November 28, 2023

While most Americans were preparing their emails out of the office and preparing for a shootout on the Fourth of July weekend, the rules governing their health insurance were unlikely to be of the highest interest.

But on Friday, July 1, 2022, after months of delays in implementation, a new rule went into effect that will upend the way Americans shop for health care services — and how much they pay.

The Transparency in coverage is the final rule, issued by the Centers for Medicare and Medicaid Services (CMS), requires health insurance companies to disclose rates for covered services and items. Insurers must include the rates they negotiated with participating providers for all covered services and items, as well as the amounts allowed and billed to out-of-network providers. The amounts allowed are the maximum rates that insurance companies pay for a particular service, and the amounts billed are what the providers actually charge.

Taken together, this information should give consumers a clearer idea than they can get today of what their health insurance plan will pay, even if they see doctors who don’t participate in their network of health insurance providers. With this information, people could theoretically make informed trade-offs about which healthcare providers to see.

The information should also allow Americans to predict their out-of-pocket costs more accurately because how much the insurance company will pay is no longer a mystery. Knowing out-of-pocket costs before you incur them is a level of insight that Americans have sorely lacked.

The new insurance transparency rules follow the implementation of the No Surprises Act on January 1, 2022, which protects consumers from unexpected fees for certain services. The No Surprises Act requires private health insurers to cover certain out-of-network bills at the same rates they would if services were provided within the health plan’s network.

In theory, this level of transparency could lead to lower health care prices (although some Economists warn It can also encourage some providers to raise their rates if they feel they are being paid less.) When the rates that health insurance companies negotiate with health care providers are on full display, companies that pay for employer-sponsored health benefits may find reason to question the effectiveness of insurance company negotiations.

newly RAND . Study It showed that the rates that private insurers and employers paid to hospitals varied widely and were, on average, more than twice what Medicare paid for the same services. Other research He showed that paying with cash instead of using insurance can save consumers money on prescriptions nearly a quarter of the time. This type of data at a more detailed level may give companies leverage to demand lower rates.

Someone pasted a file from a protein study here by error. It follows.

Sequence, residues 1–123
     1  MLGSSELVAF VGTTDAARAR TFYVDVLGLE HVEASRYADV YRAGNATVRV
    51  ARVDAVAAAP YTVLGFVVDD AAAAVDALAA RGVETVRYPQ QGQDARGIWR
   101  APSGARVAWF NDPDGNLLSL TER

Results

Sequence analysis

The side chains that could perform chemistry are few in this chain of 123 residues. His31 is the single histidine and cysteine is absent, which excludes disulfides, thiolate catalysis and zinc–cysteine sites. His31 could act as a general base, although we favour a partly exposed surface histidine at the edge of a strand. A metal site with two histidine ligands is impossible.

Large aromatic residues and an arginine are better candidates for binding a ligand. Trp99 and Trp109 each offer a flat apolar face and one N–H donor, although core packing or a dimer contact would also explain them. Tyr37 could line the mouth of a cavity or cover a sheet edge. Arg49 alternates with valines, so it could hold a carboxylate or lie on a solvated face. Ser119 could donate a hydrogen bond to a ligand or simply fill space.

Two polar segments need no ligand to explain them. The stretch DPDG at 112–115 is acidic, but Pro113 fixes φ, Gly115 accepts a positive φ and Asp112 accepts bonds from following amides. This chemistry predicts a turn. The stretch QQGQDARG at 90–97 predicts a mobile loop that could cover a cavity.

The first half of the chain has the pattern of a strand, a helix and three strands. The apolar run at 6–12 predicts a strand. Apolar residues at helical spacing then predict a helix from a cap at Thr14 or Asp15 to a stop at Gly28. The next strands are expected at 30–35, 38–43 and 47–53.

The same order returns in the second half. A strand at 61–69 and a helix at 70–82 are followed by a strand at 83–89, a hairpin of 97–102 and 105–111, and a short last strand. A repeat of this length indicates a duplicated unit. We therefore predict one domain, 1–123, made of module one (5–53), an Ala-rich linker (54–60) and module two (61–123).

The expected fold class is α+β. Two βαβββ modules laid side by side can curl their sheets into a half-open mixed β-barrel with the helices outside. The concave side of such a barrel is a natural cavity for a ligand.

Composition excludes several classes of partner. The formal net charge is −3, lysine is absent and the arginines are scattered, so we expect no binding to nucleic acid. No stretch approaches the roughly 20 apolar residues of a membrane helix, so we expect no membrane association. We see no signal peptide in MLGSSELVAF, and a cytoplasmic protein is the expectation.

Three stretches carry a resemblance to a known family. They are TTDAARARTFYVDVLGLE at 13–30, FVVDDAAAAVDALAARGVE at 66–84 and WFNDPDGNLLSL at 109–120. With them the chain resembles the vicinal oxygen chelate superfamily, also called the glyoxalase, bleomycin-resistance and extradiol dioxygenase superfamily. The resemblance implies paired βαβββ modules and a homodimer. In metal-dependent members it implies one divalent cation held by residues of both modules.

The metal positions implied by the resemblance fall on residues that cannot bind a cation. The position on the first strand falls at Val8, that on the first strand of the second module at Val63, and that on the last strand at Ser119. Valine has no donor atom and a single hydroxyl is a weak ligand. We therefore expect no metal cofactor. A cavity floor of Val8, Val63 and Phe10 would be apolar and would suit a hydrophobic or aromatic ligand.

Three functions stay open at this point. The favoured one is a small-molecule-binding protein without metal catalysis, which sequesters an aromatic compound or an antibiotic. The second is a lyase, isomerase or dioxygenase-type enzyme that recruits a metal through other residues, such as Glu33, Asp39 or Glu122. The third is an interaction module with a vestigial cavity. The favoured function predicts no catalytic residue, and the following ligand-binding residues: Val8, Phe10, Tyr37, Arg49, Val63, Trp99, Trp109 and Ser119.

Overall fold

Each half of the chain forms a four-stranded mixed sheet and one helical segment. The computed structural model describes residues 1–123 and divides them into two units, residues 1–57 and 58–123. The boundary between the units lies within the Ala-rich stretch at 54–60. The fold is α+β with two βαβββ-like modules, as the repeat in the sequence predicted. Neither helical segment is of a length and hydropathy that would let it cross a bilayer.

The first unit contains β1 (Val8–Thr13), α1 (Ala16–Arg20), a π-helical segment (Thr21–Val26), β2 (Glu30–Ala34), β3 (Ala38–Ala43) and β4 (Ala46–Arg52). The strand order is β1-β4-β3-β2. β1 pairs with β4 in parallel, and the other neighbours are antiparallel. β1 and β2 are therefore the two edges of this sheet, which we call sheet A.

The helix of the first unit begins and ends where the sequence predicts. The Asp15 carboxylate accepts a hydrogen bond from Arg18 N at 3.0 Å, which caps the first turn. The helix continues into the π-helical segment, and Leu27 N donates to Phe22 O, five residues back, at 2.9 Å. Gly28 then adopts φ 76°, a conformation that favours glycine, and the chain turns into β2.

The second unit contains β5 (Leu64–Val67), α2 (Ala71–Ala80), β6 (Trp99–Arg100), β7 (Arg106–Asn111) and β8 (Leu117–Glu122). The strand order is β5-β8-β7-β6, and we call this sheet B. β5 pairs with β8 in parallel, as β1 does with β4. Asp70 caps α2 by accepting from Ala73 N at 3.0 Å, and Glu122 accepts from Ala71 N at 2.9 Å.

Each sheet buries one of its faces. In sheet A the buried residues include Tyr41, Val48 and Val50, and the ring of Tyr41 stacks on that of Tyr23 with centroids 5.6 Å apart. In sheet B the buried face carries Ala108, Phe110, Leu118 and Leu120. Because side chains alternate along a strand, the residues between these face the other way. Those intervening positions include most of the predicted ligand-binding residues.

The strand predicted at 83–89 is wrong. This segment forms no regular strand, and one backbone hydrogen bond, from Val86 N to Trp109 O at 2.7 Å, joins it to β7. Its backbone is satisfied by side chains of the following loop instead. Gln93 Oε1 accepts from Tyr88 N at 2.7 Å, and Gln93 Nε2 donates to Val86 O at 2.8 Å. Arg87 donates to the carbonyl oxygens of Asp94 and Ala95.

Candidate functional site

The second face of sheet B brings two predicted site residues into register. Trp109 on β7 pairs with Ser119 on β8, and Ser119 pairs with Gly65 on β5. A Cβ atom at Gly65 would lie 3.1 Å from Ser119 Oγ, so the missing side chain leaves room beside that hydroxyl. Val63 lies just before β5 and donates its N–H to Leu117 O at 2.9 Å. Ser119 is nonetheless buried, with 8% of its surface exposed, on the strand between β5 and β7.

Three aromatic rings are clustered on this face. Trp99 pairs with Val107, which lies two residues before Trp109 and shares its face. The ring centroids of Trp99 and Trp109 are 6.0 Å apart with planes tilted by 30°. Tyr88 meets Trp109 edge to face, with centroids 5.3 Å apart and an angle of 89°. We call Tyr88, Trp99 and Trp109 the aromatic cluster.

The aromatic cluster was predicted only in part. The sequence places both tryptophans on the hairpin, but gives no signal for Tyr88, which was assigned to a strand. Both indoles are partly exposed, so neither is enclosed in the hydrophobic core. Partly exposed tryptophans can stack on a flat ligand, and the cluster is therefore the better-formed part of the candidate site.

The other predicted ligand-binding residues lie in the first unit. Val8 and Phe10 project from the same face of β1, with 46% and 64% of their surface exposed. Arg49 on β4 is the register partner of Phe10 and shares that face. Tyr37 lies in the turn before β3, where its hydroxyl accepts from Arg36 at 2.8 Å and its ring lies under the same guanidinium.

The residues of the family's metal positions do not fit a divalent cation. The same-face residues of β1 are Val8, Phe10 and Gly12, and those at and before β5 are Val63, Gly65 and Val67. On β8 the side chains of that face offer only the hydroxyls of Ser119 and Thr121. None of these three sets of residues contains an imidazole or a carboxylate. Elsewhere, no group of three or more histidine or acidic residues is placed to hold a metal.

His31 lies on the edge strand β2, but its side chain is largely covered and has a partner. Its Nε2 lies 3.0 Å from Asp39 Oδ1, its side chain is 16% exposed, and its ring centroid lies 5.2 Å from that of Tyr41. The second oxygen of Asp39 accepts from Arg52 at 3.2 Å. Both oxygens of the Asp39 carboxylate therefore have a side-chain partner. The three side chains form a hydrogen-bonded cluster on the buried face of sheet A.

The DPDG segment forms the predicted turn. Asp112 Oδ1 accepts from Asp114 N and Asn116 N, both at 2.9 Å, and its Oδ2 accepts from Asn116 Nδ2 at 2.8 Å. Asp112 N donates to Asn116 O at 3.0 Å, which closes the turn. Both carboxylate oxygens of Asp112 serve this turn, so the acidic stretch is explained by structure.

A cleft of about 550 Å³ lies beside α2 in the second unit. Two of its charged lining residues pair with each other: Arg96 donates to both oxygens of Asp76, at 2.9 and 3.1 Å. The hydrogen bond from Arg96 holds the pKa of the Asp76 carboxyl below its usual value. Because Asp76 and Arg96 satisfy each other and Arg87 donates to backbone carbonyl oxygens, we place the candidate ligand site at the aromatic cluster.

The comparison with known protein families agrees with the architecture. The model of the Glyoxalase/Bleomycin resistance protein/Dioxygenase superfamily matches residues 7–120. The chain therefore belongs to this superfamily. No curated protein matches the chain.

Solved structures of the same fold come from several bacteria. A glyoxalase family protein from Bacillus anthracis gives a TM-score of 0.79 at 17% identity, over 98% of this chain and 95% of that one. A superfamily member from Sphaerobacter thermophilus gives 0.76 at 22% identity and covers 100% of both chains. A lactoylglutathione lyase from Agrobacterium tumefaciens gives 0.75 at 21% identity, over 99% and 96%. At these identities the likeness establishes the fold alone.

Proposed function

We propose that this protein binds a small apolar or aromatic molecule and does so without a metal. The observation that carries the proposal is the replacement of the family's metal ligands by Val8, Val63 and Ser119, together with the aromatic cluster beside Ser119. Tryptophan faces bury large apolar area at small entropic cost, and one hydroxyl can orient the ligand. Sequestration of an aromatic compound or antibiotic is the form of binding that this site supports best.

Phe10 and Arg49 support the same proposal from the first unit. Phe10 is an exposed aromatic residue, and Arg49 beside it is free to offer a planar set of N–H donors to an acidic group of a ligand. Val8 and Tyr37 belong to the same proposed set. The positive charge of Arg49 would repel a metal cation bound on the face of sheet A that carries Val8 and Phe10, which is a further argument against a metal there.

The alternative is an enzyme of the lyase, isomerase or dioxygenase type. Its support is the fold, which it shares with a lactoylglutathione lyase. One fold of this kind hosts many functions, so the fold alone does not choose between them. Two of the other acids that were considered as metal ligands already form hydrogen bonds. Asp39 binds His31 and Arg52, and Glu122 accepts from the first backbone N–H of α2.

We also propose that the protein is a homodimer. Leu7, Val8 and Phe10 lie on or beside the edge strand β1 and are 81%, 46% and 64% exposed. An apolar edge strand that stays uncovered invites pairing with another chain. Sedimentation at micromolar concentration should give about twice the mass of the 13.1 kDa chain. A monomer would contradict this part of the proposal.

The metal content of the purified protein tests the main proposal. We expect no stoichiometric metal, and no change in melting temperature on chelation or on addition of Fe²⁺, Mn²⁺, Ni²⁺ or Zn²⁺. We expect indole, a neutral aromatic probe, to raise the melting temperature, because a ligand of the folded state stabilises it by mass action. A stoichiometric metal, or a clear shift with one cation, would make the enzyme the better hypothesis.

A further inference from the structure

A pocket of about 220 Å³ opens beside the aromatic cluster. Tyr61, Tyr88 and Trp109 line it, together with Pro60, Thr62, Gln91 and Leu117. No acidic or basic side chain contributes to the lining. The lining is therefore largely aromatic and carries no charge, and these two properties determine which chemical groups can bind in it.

But all of these benefits will only come about if health plans first comply with the new rules.

The findings from the previously implemented hospital price transparency final rule may provide a cautionary tale in this regard. Hospital transparency rules require hospitals to publish standard fees for all their services and items and to make prices for the 300 most popular services affordable to consumers. The rule went into effect on January 1, 2021 but a year later, Only 14% of the hospitals were in compliance.

The CMS has set higher fines this time around, so insurance companies that don’t provide the required data will have to pay $100 per day per violation for each affected member, which could quickly add up to larger plans.

Several insurance companies have already posted the required files, although they are difficult to find. at least one casethe page was displayed but there were no files.

But even full compliance with a health plan will not automatically give consumers the information they need. The required format for this data – machine-readable files – is almost impossible for the average consumer to interpret. These files can run consumer-friendly viewing of data but are not consumer-friendly on their own.

Nate Maslak, CEO and co-founder of Ribbon Health, a healthcare data company, believes the data presented is too complex for patients to understand, and says the data is littered with mismatched and outdated numbers.

“Price transparency regulation on its own will not give patients access to affordable care decisions unless these insights are presented to patients in a consumer-friendly way,” Maslak said.

Instead, the new rule creates conditions for technology companies and others to enable price transparency at the consumer level.

Maslak is working with Turquoise Health to help healthcare organizations make it easier for consumers to access and interpret data. Together, they pair pricing data with physicians’ location, specialty, experience, and quality data.

“This way when a patient is looking for care, they can actually ‘shop’ for it the same way they would have been shopping for another big purchase,” Maslak said. “I am excited about a future where patients can have the same confidence in booking care as they do in booking a hotel room – with clear and accurate information about how to get there, how much it will cost, and what to expect. We are building a world where anyone can simply find affordable care. Cost and quality, and this regulation is essential to that vision.”

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